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Congressman Latham says Missouri River flooding funding derailed by electric cars

A bill that would have provided disaster funding for Iowans along the Missouri River failed in the U.S. House of Representatives on Wednesday to my great frustration. |A bill that would have provided disaster funding for Iowans along the Missouri River failed in the U.S. House of Representatives on Wednesday to my great frustration. Lawmakers from both sides of the aisle raised various objections to the legislation, but the bottom line is that the bill contained important resources for Iowa flood victims but was derailed by partisan politics. Families, farmers, small businesses and communities along the Missouri River have suffered for months due to historic floods, and they’re counting on Washington to show real leadership. On Wednesday night, however, the House turned its back on fiscally responsible legislation that contained help for long-suffering Iowans.

The legislation in question, known as a continuing resolution, would have provided the federal government with enough funding to continue operations past the end of the current fiscal year on Sept. 30. Included in the bill were important funds for disaster relief, of which $1 billion would have been made available immediately as “emergency” funding. The legislation also would have amounted to an across-the-board overall cut of 1.5 percent compared to spending in the current fiscal year and was in keeping with House Republicans’ mission to end the irresponsible spending that has plagued Washington in recent years.

The disaster relief funding that was included in the legislation was also offset by cuts to a taxpayer funded federal electric car loan program, representing an important departure from budgeting practices in previous years. Rather than just spend dollars on disaster funds today to be paid for by future generations, the legislation found cuts in unnecessary spending such as the electric car program and did not increase the deficit by a single penny.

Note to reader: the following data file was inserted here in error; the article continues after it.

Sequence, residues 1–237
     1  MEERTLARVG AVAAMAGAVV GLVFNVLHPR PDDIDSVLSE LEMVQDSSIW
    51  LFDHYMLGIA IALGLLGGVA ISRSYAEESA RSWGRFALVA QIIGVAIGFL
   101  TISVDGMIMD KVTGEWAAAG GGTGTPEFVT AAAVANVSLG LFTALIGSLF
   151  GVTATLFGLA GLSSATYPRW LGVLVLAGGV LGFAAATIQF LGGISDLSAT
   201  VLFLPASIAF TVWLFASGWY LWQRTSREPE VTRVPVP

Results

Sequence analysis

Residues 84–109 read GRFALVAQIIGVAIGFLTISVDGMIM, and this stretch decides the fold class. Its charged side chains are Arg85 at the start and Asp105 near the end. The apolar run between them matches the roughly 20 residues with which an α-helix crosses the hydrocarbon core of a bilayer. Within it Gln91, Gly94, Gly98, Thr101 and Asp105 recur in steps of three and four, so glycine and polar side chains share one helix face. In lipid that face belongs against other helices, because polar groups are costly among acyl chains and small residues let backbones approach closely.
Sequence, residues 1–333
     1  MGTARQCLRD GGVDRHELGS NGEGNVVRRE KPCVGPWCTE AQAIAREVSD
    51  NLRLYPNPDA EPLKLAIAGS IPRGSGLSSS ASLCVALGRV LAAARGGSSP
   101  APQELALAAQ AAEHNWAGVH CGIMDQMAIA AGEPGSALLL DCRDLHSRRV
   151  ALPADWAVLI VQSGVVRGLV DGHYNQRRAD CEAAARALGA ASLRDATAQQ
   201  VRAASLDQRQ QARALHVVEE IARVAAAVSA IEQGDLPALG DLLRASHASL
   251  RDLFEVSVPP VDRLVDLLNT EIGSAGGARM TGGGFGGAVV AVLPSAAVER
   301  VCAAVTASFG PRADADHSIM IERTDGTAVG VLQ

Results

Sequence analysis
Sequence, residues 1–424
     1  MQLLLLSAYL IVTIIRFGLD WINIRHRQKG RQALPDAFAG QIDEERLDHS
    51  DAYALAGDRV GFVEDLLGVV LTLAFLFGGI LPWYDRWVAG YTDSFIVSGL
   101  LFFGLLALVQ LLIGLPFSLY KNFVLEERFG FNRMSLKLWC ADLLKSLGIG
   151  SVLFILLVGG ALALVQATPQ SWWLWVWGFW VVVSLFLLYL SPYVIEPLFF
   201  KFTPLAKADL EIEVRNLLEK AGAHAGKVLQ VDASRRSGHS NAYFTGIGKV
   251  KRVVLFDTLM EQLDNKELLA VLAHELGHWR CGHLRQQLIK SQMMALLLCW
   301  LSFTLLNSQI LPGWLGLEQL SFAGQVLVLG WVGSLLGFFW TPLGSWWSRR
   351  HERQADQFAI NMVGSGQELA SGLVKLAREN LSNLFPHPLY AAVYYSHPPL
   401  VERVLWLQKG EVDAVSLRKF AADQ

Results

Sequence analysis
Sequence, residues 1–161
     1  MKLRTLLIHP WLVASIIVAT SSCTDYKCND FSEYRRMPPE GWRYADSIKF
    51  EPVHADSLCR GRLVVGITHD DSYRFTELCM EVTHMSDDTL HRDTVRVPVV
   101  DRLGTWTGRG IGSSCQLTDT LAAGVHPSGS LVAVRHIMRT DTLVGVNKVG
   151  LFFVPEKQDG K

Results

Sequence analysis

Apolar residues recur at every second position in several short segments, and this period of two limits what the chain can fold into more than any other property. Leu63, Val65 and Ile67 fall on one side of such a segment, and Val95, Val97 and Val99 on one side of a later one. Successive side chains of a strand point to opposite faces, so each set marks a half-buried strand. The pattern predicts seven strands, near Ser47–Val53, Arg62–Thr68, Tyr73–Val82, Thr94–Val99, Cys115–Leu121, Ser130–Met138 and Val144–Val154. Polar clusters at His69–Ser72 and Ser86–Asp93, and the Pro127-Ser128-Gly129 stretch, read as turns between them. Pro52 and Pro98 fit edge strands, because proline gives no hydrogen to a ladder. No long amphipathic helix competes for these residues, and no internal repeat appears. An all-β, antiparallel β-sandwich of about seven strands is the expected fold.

Democrat leadership in the U.S. House publicly objected to the cuts in the taxpayer funded electric car program and urged their members to oppose the bill. In the end, these lawmakers decided that preserving taxpayer funding of a questionable electric car program was more important than helping Iowans and others dealing with flooding along the Missouri River and other natural disasters around the country.

The simple truth is that this was fiscally responsible legislation that contained crucial funding for Iowans who have been dealing with flooding along the Missouri River for months. Unfortunately, on this vote too many lawmakers put politics before people and partisanship before progress. Iowans have a long and proud history of helping neighbors in need. When disasters strike, we get to work and we don’t let anything stop us from getting back on our feet. Washington could learn a great deal from that attitude. On this vote ñ when Iowans needed help ñ Washington walked away from them in favor of the electric car.

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